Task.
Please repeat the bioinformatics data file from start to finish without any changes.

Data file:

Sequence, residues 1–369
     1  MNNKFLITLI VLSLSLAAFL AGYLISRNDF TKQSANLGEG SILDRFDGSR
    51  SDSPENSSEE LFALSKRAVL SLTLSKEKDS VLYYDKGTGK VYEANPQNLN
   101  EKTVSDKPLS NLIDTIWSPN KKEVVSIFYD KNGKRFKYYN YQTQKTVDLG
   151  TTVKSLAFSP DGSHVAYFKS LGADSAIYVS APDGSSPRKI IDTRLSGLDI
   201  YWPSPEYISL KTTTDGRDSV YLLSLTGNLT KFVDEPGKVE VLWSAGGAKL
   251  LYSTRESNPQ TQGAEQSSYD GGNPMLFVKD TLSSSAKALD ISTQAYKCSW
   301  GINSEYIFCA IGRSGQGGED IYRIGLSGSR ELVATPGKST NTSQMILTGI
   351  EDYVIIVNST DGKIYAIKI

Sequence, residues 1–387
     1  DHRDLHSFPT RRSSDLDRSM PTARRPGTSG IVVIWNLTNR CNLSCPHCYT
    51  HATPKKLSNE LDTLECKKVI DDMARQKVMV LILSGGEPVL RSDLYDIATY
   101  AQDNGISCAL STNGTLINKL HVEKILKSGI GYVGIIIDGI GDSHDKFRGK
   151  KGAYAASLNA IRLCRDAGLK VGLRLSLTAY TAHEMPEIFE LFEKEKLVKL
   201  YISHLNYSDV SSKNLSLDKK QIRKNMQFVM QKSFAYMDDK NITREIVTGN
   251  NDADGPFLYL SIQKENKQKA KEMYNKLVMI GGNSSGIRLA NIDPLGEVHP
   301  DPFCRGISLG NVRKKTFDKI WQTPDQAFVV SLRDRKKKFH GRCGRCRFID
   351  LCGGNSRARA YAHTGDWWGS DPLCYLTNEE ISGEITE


Sequence, residues 1–369
     1  MNNKFLITLI VLSLSLAAFL AGYLISRNDF TKQSANLGEG SILDRFDGSR
    51  SDSPENSSEE LFALSKRAVL SLTLSKEKDS VLYYDKGTGK VYEANPQNLN
   101  EKTVSDKPLS NLIDTIWSPN KKEVVSIFYD KNGKRFKYYN YQTQKTVDLG
   151  TTVKSLAFSP DGSHVAYFKS LGADSAIYVS APDGSSPRKI IDTRLSGLDI
   201  YWPSPEYISL KTTTDGRDSV YLLSLTGNLT KFVDEPGKVE VLWSAGGAKL
   251  LYSTRESNPQ TQGAEQSSYD GGNPMLFVKD TLSSSAKALD ISTQAYKCSW
   301  GINSEYIFCA IGRSGQGGED IYRIGLSGSR ELVATPGKST NTSQMILTGI
   351  EDYVIIVNST DGKIYAIKI

Sequence, residues 1–387
     1  DHRDLHSFPT RRSSDLDRSM PTARRPGTSG IVVIWNLTNR CNLSCPHCYT
    51  HATPKKLSNE LDTLECKKVI DDMARQKVMV LILSGGEPVL RSDLYDIATY
   101  AQDNGISCAL STNGTLINKL HVEKILKSGI GYVGIIIDGI GDSHDKFRGK
   151  KGAYAASLNA IRLCRDAGLK VGLRLSLTAY TAHEMPEIFE LFEKEKLVKL
   201  YISHLNYSDV SSKNLSLDKK QIRKNMQFVM QKSFAYMDDK NITREIVTGN
   251  NDADGPFLYL SIQKENKQKA KEMYNKLVMI GGNSSGIRLA NIDPLGEVHP
   301  DPFCRGISLG NVRKKTFDKI WQTPDQAFVV SLRDRKKKFH GRCGRCRFID
   351  LCGGNSRARA YAHTGDWWGS DPLCYLTNEE ISGEITE